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[pct-l] JMT permits

bjensen4@juno.com (Birgitte Jensen) wrote:
>canisters cost a bit less than the Garcias (which can be rented lots of
>places), but hold less stuff. They're not bear-tested at all, and Lone
>Pine was livid about the implied endorsement.

Then (gomberg@wcf.com) Dave Gomberg says
>Use a bear can (see:  http://www.wcf.com/bearcan.html  )

which is a web page with details on a homemade bear canister in which he
says "Send me a picture of your bear can with an SASE and I will send you a
copy of the ranger letter that says it's bear-resistant."

(Perhaps Ms Jensen should report Mr Gomberg to the Inyo NF?)

Which brings up the topic of what makes a bear canister legal in the eyes
of the Inyo National Forest?
I did some cursory research and it appears that the Inyo National Forest
has no published standards for what makes a legal bear canister, just an
arbitrary statement that "only Garcias are acceptable."

I have a feeling that any ticket issued for not having a bear canister
could be fought successfully by the following way (this method has had
considerable success fighting California's motorcycle helmet law):

Courthouse dialog:
Hiker: "Your honor, this cloth stuff sack is a bear canister and meets all
the USFS requirements."
Ranger "Your honor, it is not legally acceptable to the Inyo National Forest."
Hiker: "Your honor, it is the government's responsibility to prove that it
is not acceptable. I demand that the ranger produce the documentation
demonstrating that it is not."
<since there is no standard>
Ranger: "Uhh, your honor, I left it in my office...."
Hiker: "Your honor, the government has not proven it's case. I am innocent
until the government can prove otherwise. You must dismiss the charges
against me."

OTOH, if a bear DOES get your food and a ranger finds out, you are SOL with
or without a bear canister, though the InyoNF probably won't persecute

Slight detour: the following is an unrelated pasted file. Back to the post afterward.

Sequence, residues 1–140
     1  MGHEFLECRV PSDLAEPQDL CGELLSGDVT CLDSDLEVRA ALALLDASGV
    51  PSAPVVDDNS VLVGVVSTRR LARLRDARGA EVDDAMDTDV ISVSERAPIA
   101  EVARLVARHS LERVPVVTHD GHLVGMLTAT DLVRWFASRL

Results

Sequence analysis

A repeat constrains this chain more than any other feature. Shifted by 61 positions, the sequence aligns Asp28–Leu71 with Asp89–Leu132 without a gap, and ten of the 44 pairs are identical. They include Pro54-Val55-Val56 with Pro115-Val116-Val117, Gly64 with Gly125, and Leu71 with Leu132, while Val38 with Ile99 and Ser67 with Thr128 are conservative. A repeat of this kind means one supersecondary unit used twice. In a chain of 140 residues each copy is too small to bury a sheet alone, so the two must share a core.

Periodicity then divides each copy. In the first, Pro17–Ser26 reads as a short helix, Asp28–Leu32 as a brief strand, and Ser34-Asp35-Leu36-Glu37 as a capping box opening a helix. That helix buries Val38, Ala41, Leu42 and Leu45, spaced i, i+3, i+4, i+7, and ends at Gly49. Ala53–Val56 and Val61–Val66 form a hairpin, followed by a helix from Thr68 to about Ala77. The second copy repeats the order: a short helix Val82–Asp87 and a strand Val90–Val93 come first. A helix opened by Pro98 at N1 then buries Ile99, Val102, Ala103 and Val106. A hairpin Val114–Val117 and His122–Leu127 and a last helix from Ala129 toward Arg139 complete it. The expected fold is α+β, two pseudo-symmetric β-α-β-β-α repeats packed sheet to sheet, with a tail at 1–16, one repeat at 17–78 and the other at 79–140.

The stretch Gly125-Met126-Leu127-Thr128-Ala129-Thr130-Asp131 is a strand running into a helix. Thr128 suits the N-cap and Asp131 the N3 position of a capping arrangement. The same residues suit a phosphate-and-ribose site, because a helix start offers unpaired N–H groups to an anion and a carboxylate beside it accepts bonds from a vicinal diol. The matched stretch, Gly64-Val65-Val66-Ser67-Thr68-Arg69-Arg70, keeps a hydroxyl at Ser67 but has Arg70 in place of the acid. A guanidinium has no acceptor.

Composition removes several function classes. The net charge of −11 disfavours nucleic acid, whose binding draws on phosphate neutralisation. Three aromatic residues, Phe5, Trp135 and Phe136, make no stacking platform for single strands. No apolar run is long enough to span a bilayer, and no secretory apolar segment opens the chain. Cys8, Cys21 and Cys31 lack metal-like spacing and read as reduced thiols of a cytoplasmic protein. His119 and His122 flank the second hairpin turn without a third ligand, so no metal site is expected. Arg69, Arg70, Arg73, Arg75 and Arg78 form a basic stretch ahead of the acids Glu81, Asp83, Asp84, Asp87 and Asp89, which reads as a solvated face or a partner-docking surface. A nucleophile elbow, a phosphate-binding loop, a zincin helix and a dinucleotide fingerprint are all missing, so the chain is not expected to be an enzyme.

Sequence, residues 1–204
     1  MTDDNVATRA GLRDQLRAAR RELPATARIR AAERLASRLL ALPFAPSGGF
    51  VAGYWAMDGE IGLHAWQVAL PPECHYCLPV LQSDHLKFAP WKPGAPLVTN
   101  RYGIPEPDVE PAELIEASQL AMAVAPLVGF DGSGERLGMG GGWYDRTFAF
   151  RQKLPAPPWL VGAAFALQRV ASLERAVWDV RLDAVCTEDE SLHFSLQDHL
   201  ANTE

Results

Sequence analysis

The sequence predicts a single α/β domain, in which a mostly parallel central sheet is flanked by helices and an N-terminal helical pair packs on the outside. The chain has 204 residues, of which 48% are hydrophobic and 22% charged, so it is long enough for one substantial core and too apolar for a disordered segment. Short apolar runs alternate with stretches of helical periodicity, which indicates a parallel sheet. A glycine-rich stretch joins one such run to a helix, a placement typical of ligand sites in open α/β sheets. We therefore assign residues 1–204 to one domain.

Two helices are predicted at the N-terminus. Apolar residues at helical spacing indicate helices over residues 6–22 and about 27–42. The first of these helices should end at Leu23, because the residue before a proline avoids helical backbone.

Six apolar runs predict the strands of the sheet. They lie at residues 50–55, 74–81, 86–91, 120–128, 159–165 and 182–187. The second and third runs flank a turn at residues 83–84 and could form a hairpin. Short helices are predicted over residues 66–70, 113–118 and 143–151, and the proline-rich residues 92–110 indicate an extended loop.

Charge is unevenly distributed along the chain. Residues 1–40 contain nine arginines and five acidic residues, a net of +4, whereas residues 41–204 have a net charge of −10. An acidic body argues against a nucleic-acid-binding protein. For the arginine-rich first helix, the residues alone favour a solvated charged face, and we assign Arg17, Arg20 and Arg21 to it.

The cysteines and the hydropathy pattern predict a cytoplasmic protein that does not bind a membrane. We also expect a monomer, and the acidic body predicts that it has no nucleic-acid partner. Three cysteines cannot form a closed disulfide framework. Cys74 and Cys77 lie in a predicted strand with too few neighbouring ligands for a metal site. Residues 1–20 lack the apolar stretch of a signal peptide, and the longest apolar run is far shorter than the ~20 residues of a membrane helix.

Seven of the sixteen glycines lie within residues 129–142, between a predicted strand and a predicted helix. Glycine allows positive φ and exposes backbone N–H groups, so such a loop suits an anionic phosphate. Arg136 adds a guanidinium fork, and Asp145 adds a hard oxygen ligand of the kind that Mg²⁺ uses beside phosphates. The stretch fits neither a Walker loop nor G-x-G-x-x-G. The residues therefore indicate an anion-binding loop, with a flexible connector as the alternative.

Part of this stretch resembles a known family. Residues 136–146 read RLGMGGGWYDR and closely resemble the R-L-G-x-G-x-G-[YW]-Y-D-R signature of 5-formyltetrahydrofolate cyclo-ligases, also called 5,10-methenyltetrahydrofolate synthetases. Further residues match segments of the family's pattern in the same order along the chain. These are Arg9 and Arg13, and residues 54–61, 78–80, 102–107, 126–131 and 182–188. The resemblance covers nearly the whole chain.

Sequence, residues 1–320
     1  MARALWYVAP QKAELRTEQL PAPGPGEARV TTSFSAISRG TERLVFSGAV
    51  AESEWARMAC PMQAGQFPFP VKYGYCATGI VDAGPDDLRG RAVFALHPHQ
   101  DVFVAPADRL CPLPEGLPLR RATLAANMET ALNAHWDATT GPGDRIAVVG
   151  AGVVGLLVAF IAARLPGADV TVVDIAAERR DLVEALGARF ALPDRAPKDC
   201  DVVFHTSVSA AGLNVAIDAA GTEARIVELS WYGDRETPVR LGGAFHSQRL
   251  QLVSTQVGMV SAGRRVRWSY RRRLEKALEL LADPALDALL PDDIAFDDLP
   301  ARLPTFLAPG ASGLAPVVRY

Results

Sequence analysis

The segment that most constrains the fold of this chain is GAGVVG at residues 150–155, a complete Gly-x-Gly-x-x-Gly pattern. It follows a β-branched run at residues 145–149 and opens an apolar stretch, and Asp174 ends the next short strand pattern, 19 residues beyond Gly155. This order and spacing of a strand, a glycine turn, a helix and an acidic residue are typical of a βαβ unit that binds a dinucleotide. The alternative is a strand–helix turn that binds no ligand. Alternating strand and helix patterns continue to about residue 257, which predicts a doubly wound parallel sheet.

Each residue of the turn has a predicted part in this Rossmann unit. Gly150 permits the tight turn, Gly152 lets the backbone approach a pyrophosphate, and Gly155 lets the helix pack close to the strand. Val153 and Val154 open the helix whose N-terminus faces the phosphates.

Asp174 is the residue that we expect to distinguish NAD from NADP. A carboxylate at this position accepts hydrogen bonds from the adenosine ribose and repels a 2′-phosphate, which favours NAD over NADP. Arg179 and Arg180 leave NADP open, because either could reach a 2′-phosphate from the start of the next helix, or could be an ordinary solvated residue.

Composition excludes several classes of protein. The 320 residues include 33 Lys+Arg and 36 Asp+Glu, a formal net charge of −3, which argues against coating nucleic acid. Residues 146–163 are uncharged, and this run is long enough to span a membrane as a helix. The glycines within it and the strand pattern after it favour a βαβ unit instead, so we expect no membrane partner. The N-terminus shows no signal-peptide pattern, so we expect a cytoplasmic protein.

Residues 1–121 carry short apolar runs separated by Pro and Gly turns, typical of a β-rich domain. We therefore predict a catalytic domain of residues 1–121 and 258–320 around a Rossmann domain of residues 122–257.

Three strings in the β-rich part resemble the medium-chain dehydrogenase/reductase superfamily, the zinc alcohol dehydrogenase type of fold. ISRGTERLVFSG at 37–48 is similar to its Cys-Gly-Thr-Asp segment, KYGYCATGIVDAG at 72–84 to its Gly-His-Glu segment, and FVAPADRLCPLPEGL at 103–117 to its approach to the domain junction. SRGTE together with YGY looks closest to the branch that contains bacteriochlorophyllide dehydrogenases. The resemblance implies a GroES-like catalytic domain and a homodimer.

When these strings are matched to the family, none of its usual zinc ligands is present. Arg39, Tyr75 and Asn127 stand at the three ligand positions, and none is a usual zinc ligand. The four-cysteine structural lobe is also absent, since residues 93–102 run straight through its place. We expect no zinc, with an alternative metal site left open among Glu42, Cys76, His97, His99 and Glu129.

(errr, prosecute) if you have a Garcia. The regulation that this whole
thing is base on says that it is a crime to let a bear get your food. The
bear canister mandate is an interpretation by the Inyo NF. The press
release said: "a new forest order has been signed into effect which by
default requires the use of bear resistant canisters." notice the words "by
default." Nowhere does the order explicity require a bear canister, just
"proper food storage." See http://www.sierrawilderness.com/forest_order.html

The Inyo NF headquarters and all the outdoor organizations near Bishop are
a rather incestuous lot and full of small town politics (how else do the
pack outfits get exempted from wilderness permit trailhead quotas?) A hiker
who violates the mandates or decrees of the Inyo Forest probably has the
same chances of winning in a Bishop court as a person of color did of
winning in a small town court in Mississippi in the 50's. OHOH often you
can request a change of location for your trial from Bishop to Fresno.

I am not a lawyer, so don't count on anything in this message. Unfortunatly
a Forest Supervisor can make any regulation he wants in his forest that
will be rabidly enforced no matter how unconstitutional or illegal it is,
even if an appellate court throws it out a couple of years later (Right -
Craig Giffen?!).

Flames will be deleted without being read.......

This whole legal thing (first zip stoves now this) is getting tiresome. I
hike because I want to get away from this crap. I vote that this discussion
be shifted to rec.backcountry.............

Brick Robbins

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